Can someone sue for damages if they accused a toddler of causing damage to their car?

My toddler leaned on a car hood at a ball field. I saw him and had him immediately stand up. He literally leaned his head on his arms because he was tired. The owner has accused him of putting large scratches that removed paint high on the hood close to the windshield where he cannot even reach. He is demanding that we pay for this damage our son did not and could not have done. He is now asking people we know for our personal information, stating he wants us to pay or will sue us. At the time of the incident no police were called, he just pointed out the

Asked on June 20, 2016 under Accident Law, Connecticut

Answers:

SJZ, Member, New York Bar / FreeAdvice Contributing Attorney

Answered 4 years ago | Contributor

Legally, you would only have to pay for the damage IF you son caused it. To get the money from you if you refuse to pay, he'd have to sue you and prove in court that your son caused the damage, which, based on what you write, may be very difficult for him.
If he is stating untrue facts that damage your reputation to other people--and claiming that you are not paying for damage caused by your son is an untrue fact damaging your reputation if you son did not and could not cause the damage--that may be defamation, and you could sue him for monetary compensation and/or for a court order that he stop doing this. A personal injury attorney could help you with this.
If he is trying to find out information about your minor daughter, that may be illegal stalking or harassment. You should go to the police and report all of his activity towards you, but focus on the attempts to get information about your daughter--the police are very sensitive to possible threats to minors.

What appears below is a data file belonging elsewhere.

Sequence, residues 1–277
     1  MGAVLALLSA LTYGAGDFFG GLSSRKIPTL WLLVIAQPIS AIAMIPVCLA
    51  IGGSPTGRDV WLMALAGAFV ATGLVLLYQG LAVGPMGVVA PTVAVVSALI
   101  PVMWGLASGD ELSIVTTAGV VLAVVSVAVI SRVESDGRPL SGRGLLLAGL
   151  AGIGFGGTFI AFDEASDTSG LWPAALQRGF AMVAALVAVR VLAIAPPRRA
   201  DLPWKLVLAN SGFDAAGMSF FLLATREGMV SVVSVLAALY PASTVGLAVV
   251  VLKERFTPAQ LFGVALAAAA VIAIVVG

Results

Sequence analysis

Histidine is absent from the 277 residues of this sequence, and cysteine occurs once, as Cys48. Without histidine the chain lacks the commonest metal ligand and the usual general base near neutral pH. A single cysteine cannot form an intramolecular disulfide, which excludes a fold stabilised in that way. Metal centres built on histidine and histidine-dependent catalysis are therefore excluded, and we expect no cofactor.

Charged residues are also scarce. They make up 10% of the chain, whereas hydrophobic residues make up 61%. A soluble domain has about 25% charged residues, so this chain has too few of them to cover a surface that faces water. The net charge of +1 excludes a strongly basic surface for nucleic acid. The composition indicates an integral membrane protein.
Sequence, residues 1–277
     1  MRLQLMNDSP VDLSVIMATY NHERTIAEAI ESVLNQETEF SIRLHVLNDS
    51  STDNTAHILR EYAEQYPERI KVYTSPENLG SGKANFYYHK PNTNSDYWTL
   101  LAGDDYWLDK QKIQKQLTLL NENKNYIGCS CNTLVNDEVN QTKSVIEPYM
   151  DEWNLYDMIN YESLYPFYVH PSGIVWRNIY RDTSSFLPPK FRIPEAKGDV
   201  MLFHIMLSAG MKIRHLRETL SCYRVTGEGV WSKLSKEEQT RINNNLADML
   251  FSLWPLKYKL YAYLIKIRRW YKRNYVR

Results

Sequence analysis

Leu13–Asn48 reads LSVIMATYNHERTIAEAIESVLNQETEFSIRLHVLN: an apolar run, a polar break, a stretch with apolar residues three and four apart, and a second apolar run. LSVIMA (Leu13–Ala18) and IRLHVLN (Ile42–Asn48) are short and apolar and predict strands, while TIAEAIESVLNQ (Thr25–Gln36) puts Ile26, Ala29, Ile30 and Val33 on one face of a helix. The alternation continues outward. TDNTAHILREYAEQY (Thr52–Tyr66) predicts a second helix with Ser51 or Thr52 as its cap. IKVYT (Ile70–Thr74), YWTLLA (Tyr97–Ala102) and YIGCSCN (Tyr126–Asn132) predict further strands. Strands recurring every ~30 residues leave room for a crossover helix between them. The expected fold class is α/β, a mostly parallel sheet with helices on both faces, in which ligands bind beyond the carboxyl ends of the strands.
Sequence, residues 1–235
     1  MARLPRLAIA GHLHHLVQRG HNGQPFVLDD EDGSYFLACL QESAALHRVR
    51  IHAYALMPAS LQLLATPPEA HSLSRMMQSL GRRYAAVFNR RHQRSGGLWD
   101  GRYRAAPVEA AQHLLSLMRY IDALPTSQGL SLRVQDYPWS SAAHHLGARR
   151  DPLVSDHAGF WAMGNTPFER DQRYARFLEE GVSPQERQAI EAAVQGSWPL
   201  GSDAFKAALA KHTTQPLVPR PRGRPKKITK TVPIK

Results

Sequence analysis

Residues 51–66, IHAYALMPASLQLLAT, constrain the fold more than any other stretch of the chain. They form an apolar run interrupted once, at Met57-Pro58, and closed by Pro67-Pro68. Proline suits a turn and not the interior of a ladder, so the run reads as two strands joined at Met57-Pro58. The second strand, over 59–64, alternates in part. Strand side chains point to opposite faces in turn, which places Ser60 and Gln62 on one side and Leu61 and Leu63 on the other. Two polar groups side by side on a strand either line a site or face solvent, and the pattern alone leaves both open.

If he does sue you and the case is baseless, you will have to still defend yourselves--if you don't defend properly, you could lose due to procedural reasons--but may be able to seek compensation from him by filing a counterclaim for defamation (if you haven't already sued him) and malicious use of process (bringing a frivolous claim to try to extort money from you) and/or by seeking sanctions against his attorney (if any) for participating in a frivolous suit.


IMPORTANT NOTICE: The Answer(s) provided above are for general information only. The attorney providing the answer was not serving as the attorney for the person submitting the question or in any attorney-client relationship with such person. Laws may vary from state to state, and sometimes change. Tiny variations in the facts, or a fact not set forth in a question, often can change a legal outcome or an attorney's conclusion. Although AttorneyPages.com has verified the attorney was admitted to practice law in at least one jurisdiction, he or she may not be authorized to practice law in the jurisdiction referred to in the question, nor is he or she necessarily experienced in the area of the law involved. Unlike the information in the Answer(s) above, upon which you should NOT rely, for personal advice you can rely upon we suggest you retain an attorney to represent you.